How to bust the rising energy bill blues

Vulnerable heating

In Boilers, Consumer Advice, Fuel poverty, Heating

With the cost of living rising at the fastest rate for 30 years due to climbing food and energy bills, consumer groups are warning that the worst is yet to come. Gas and electricity prices are set to increase by as much as 50% for some households when the energy price cap changes in April 2022. With 85% of the UK’s homes using gas for heating and one third of UK electricity generated via gas too, it’s easy to see how households are vulnerable in the face of price rises.

Heating and hot water accounts for over 50% of average fuel bills, and so key to cutting costs will be how you use your appliances and the general energy efficiency of your home. Kevin Wellman, CEO of the Chartered Institute of Plumbing and Heating Engineering (CIPHE) said, “While we cannot escape the fact prices are rising, there are steps households can take to cut the impact of higher bills. Saving energy doesn't have to mean a colder home, it just means controlling energy use better and improving the way your heating and hot water system works. While there are many steps householders can take themselves without any outlay, it’s always worth talking to a professional about the ways to improve your system’s performance to help lower your bills.“ 

As fuel bills and inflation rise, so will rates of fuel poverty. Estimates before the energy price cap increase in October 2021, put fuel poverty at around 13% of households in England, 25% in Scotland, 12% in Wales and 18% in Northern Ireland.  The three primary causes are low incomes, high energy bills and energy inefficient homes.

“Practical steps need to be taken to protect vulnerable households,” Kevin resumed. “As the energy market continues to fluctuate, no one knows how far prices will rise, or how long for. One thing is for sure, if you are having issues paying your energy bills, don’t ignore the problem. Please talk to your supplier straight away. They are well versed in the help schemes available and can talk you through your options.”

The CIPHE has the following tips to cut costs:

1) If you are not already using heating controls such as a boiler thermostat, room thermostat and timer, start doing so now. This will allow you to heat your home only when you need to, dropping your energy use by not heating your home unnecessarily.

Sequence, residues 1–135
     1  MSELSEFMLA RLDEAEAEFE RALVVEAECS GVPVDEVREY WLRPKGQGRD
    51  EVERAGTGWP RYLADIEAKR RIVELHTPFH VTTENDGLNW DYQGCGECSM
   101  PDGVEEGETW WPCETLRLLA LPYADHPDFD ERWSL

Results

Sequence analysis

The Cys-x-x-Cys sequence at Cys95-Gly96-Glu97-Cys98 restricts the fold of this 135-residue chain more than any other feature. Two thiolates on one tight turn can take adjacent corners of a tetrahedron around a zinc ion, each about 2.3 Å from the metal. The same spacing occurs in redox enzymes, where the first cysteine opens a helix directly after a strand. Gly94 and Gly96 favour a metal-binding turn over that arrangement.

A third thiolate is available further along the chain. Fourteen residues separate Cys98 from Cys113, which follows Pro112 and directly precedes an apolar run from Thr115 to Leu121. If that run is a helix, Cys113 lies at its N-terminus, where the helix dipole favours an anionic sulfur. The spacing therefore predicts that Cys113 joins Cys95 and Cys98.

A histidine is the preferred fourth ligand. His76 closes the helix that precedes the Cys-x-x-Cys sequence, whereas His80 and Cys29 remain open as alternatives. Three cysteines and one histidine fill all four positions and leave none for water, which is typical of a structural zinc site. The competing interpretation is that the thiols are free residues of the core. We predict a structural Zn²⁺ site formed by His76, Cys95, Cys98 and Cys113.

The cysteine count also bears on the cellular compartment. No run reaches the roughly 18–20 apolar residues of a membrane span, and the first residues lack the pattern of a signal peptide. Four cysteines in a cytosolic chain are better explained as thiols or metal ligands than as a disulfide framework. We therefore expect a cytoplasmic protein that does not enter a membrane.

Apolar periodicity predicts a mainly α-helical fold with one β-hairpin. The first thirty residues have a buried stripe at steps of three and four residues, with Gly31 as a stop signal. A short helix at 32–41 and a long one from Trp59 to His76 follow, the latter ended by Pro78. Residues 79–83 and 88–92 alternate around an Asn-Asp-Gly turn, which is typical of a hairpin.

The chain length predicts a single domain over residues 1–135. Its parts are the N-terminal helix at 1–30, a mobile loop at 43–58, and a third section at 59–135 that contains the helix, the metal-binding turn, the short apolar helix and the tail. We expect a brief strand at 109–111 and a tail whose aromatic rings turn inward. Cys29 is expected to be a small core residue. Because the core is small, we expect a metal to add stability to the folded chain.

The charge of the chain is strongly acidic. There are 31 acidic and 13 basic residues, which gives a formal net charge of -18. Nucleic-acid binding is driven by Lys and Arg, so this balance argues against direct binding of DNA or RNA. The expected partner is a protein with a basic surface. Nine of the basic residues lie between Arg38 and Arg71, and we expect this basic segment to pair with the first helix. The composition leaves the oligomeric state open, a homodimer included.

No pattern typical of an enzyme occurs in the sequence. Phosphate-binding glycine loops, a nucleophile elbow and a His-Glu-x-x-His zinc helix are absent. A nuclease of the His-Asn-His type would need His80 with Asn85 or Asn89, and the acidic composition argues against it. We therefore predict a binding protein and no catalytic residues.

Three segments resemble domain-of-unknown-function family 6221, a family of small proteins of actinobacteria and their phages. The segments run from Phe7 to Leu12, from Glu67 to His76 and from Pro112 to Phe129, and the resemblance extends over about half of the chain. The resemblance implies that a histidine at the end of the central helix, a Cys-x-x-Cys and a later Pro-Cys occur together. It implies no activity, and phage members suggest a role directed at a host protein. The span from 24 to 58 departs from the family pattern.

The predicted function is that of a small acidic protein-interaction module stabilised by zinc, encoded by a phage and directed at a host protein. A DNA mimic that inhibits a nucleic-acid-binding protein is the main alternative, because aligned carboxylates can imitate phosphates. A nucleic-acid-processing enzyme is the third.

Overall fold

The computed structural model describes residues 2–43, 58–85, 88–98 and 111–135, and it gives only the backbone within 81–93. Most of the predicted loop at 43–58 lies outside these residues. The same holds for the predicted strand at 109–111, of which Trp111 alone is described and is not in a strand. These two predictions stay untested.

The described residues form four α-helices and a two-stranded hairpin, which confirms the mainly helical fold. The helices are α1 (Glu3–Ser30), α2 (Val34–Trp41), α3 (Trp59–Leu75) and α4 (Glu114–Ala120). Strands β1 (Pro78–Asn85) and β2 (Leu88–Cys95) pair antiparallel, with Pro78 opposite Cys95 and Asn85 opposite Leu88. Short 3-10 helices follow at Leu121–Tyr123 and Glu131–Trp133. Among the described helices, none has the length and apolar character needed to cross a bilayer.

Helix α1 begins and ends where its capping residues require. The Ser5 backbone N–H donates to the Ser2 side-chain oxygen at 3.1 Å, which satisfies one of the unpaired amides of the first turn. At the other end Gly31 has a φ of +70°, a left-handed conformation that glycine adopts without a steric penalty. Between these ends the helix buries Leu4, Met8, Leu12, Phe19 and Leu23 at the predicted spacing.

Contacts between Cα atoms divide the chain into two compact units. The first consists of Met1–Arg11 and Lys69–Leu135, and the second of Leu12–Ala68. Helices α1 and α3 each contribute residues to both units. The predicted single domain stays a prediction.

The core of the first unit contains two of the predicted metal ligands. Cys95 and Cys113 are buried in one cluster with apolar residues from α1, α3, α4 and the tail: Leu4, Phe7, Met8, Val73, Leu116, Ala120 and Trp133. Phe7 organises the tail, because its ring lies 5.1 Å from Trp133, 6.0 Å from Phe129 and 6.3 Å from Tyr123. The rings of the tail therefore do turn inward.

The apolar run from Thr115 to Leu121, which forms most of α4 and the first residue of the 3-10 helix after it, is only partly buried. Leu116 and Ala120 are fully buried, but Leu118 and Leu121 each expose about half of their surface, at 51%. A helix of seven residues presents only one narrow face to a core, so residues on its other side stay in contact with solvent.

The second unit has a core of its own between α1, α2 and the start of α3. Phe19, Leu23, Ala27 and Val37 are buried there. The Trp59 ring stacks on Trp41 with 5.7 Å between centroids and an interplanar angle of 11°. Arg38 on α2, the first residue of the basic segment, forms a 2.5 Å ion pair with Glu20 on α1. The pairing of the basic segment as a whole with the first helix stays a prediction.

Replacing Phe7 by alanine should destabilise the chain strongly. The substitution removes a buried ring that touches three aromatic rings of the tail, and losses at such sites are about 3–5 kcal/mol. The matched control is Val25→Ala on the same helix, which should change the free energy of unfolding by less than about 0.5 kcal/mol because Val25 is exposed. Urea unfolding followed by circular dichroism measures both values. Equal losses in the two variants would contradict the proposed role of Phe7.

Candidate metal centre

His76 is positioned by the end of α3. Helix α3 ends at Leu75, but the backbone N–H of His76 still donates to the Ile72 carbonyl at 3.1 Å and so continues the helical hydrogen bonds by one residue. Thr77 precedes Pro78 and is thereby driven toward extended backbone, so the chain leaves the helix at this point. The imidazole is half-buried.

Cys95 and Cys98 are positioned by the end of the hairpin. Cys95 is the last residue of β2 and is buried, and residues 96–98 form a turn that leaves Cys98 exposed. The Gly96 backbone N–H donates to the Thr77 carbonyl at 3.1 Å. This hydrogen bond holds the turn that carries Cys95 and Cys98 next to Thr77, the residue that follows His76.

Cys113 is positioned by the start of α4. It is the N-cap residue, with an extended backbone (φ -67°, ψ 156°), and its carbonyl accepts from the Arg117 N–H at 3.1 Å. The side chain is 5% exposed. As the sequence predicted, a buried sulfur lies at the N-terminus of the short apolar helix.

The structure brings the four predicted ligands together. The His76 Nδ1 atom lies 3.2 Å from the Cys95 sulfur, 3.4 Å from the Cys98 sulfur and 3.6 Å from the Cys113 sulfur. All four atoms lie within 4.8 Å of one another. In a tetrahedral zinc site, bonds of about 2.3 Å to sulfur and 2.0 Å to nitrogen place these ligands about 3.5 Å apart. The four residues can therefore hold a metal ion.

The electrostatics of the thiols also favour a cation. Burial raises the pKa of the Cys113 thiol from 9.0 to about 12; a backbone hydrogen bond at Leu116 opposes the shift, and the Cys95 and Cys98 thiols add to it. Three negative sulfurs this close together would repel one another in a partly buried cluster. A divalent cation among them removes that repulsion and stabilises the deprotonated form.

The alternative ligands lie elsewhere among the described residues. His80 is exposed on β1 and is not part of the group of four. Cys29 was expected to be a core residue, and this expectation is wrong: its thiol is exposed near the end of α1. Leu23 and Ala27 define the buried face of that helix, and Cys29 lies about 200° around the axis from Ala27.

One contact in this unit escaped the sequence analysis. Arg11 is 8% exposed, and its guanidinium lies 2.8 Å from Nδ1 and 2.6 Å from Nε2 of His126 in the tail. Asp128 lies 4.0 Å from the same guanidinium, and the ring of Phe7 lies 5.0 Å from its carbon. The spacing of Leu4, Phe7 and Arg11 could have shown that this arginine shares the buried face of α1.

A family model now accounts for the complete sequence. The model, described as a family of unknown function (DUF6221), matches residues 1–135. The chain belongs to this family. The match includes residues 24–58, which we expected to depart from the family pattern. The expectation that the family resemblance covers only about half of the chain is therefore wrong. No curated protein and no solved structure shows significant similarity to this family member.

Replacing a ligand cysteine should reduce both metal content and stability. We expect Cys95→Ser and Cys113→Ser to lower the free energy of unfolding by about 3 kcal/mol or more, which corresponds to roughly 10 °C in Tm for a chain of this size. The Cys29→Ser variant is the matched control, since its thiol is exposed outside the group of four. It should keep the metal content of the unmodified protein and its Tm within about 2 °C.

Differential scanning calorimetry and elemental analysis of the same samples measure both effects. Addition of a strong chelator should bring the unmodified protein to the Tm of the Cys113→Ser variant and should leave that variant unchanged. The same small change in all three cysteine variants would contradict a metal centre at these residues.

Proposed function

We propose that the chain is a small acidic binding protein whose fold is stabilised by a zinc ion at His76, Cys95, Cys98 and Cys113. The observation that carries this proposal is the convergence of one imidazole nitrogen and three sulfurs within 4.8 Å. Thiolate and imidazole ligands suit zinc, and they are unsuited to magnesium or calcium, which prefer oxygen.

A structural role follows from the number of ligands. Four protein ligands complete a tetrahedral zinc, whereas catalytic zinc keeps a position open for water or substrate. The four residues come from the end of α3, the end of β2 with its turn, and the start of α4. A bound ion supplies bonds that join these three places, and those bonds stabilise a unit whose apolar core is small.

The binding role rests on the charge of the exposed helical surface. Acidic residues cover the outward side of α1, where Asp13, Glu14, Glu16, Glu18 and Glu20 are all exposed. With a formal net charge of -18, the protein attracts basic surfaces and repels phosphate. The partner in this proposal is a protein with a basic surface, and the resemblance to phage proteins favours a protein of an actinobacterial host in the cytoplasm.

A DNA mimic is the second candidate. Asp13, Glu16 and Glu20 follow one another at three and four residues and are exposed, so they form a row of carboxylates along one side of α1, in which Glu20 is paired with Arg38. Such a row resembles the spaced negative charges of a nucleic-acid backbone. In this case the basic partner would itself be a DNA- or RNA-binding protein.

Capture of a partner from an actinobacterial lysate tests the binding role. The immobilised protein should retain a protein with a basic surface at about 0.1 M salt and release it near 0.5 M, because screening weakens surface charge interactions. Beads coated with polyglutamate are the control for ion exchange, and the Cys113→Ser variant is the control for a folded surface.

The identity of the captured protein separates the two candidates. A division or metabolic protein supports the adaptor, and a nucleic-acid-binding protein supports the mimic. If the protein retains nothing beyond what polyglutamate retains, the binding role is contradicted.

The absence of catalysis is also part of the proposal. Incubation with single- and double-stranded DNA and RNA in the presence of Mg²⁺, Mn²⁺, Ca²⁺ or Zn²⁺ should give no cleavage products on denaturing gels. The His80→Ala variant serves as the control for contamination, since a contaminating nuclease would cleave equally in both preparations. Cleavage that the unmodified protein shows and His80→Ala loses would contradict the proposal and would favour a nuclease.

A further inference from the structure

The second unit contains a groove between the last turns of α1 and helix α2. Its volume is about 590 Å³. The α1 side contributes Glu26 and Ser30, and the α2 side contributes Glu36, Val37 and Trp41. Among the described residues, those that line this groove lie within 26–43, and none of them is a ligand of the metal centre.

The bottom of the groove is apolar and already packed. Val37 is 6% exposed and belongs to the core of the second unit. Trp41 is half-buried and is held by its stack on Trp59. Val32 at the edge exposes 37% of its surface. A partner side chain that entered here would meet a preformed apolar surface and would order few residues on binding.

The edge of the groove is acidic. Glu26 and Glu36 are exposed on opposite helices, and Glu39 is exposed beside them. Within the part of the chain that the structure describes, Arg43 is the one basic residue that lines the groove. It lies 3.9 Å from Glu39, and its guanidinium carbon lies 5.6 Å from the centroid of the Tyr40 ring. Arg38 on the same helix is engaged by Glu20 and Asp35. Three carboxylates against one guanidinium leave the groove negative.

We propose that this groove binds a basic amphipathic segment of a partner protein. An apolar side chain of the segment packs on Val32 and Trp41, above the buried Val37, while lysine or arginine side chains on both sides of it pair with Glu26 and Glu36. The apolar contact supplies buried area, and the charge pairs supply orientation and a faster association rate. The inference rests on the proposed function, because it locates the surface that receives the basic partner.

2) Heat only the spaces you are using. Fit thermostatic radiator valves (TRVs) to your radiators so you can turn off the heating in unoccupied spaces, such as spare bedrooms.

3) Turning your thermostat down by 1oC can save money on your bills while still keeping your home comfortable.

4) Smart controls can make your boiler work harder for you. Not only can you pre-programme your heating, but you can turn it off and on or change the temperature while on the move via a mobile app. Some controls can even gain information from outside temperatures and weather forecasts, adjusting your heating requirements accordingly.

5) Don’t run appliances such as washing machines or dishwashers on a half load. While some washing machines will reduce water consumption, most washing machines and dishwashers will use the same amount of water and energy regardless. If your appliance has one available, switch to an eco mode or use a lower temperature wash. 

6) Take a shower instead of a bath to reduce both water and water heating costs.

7) Turn appliances such as TVs off rather than leaving them on standby.

8) Maintain your boiler. Servicing ensures it is working safely and at its peak efficiency. Annual servicing also helps expand the life of your boiler. The last thing you need is a costly breakdown on top of high energy bills.

9) Insulate and draught proof your home. If your roof is un-insulated, you will be losing around a quarter of the heat from your home through the roof space. Draught-proofing improvements (i.e. blocking up unwanted gaps surrounding windows, doors and chimneys) will also help you save on energy bills and keep your house warm. Free grants are available from some energy suppliers under the Energy Company Obligation (ECO) scheme.

10) Don’t use electric fan heaters. It will cost you several times the money to heat a room via a fan heater than it will via a central heating system. 

11) If your boiler is reaching the end of its working life, take the plunge and replace it. Modern day boilers are highly efficient, so although initially costly, an efficient model can save £££’s on your heating bills. 

If you need to improve the efficiency in your home, your local plumbing or heating engineer can help. Find a professional online via the CIPHE’s search tool at